United States District Court, D. New Mexico
MEMORANDUM OPINION AND ORDER
C BRACK SENIOR U.S. DISTRICT JUDGE
matter is before the Court on the Albuquerque Police
Officers' (APOA) Motion to Reconsider in Part the
Memorandum Opinion and Order on the City of Albuquerque's
Motion for Court Acceptance of the City's Proposed
Promotional Policy, filed on September 12, 2018. (Doc. 402.)
Having considered the submissions of counsel and relevant
law, the Court will DENY the APOA's
Motion to Reconsider Standard
Federal Rules of Civil Procedure do not recognize a
‘motion to reconsider.'” Van Skiver v.
United States, 952 F.2d 1241, 1243 (10th Cir. 1991).
Litigants seeking such relief may “file either a motion
to alter or amend the judgment pursuant to Fed.R.Civ.P.
59(e)” within 28 days of final judgment “or a
motion seeking relief from the judgment pursuant to
Fed.R.Civ.P. 60(b)” after 28 days have passed.
Id.; see also Ysais v. Richardson, 603 F.3d
1175, 1178 n.3 (10th Cir. 2010) (noting that Rule 59 was
amended effective December 1, 2009 “to provide that a
motion to alter or amend a judgment may be filed within 28
days after the entry of judgment”; the previous version
required the motion to be filed within ten days).
motion for reconsideration under rule 59(e) is an
‘inappropriate vehicle[ ] to reargue an issue
previously addressed by the court when the motion merely
advances new arguments, or supporting facts which were
available at the time of the original motion.'”
Jarita Mesa Livestock Grazing Ass'n v. U.S. Forest
Serv., 58 F.Supp.3d 1191, 1218 (D.N.M. 2014) (quoting
Servants of Paraclete v. Does, 204 F.3d 1005, 1012
(10th Cir. 2000)). “Grounds warranting a motion to
reconsider include (1) an intervening change in the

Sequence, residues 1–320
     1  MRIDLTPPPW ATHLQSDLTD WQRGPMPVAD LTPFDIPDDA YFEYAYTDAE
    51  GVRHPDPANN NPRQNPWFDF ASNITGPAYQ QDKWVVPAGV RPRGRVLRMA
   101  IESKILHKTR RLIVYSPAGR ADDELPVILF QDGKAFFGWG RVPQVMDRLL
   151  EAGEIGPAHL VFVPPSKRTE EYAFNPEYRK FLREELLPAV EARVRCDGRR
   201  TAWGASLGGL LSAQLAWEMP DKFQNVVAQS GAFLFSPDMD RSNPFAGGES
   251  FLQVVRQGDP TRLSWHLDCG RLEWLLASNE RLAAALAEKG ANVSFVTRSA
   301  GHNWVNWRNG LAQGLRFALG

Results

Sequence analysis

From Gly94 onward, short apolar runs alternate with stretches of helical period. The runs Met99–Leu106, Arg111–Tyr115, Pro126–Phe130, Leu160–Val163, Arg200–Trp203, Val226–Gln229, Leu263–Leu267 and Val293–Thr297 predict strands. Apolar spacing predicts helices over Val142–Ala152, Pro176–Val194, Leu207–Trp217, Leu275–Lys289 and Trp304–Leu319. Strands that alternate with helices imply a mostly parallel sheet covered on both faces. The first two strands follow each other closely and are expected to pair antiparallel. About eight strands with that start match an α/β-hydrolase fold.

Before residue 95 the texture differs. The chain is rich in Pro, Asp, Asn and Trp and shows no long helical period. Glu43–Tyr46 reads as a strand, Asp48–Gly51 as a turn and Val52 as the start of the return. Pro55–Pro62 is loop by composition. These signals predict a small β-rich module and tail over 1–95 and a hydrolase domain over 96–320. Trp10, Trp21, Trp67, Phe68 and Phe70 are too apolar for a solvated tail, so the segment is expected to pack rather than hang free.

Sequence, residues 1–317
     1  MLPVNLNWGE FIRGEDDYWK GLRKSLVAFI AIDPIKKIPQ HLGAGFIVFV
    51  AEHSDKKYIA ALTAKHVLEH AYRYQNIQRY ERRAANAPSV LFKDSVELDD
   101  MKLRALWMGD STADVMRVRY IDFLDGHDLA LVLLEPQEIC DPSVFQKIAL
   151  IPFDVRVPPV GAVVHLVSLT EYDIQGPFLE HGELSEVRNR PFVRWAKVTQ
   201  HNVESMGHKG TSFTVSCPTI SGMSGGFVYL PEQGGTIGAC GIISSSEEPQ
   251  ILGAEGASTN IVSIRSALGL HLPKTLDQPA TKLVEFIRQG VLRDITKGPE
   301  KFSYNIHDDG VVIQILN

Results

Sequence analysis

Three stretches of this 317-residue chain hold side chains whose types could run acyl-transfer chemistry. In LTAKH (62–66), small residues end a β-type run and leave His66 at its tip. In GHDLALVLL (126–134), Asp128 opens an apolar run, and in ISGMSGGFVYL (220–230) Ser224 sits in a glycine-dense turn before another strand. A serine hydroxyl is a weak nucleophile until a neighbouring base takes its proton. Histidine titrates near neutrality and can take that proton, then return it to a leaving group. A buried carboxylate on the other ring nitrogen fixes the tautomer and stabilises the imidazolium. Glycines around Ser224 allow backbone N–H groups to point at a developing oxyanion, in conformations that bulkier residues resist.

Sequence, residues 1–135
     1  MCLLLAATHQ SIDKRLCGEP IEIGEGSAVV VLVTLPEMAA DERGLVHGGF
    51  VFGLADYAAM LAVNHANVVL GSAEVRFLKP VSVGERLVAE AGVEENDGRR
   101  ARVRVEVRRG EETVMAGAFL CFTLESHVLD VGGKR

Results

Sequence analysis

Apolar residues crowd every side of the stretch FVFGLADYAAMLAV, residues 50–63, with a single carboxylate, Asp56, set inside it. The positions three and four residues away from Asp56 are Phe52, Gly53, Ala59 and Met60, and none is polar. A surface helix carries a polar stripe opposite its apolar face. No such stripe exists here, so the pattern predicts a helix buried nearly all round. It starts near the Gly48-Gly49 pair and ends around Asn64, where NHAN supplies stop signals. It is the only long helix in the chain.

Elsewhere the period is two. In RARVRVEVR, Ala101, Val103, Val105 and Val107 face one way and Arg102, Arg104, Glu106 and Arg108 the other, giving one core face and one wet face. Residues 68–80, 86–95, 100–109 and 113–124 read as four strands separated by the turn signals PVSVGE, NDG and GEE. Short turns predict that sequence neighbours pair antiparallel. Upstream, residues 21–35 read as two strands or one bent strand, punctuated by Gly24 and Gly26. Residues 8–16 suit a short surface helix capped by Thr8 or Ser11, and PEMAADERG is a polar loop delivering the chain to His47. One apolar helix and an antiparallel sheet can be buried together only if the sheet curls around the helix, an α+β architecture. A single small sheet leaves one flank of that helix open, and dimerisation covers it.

controlling law, (2) new evidence previously unavailable, and
(3) the need to correct clear error or prevent manifest
injustice.” Id. (quoting Servants of
Paraclete, 204 F.3d at 1012 (internal citation
omitted)). “It is not appropriate to revisit issues
already addressed or advance arguments that could have been
raised in prior briefing.” Servants of
Paraclete, 204 F.3d at 1012 (citing Van Skiver,
952 F.2d at 1243).
APOA moves the Court to reconsider its earlier decision on
the issue of the “rule of three” in the
City's proposed 2018 Promotional Policy. (See
Doc. 402.) As grounds for its motion, the APOA cites language
from the Court's decision, wherein the Court stated that
“[t]he APOA neither included the language from the
contract, nor explained how the contract dictates
selection.” (Id. at 3 (quoting Doc. 395 at
5).) While the Court disagrees that it “misapprehended
the APOA's position and/or failed to fully consider to
APOA's submission in making its ruling[, ]”
(id. at 3-4), it will take this opportunity to more
fully explain its previous decision.
APOA's previous arguments on the rule of three.
response to the City's Motion for Court Acceptance of the
City's Proposed Promotional Policy, the APOA included two
short paragraphs on the rule of three:
Further, the APOA would comment that the rule of three (3)
contained in the promotional policy does remain an issue. The
City and the APOA have just finished a new Collective
Bargaining Agreement [(CBA)] that contains language which is
in direct conflict with the rule of three (3) selection
process (See Section 21(B)(3)(a) as contained in the
City's Exhibit 1). The language contained in the
[CBA] provides that promotions shall be based off the
seniority of the candidates who were available for promotion
(see Section 7.3.2 of Exhibit A attached hereto).
The APOA would argue that the [CBA] is a contract which has
been entered into between the parties and that such
contractual provisions take precedence over the language as
proposed in a new promotional policy. Further, this Court
should uphold the protection that has been afforded to such
(Doc. 374 at 2.)
As the APOA argued above, there is a dispute between the
parties concerning Section 21(B)(3), wherein it states that
the Chief may apply the rule of three (3) to promotional
eligibility. The APOA would argue the current Contract
contains a provision which says that such promotional
selection shall be done on a seniority basis. As the APOA
argued above, the Contract was just negotiated and executed
between the parties and contains language which has been in
the existing APOA contracts for years. The APOA would argue
that its Contract should be protected under the law and that
the Albuquerque Police Department should not be able to
change its promotional policy with regard to this issue.
(Id. at 7 (citing LB&B Assocs., Inc. v.
Int'l Bhd. of Elec. Workers, Local No. 113, 461, 461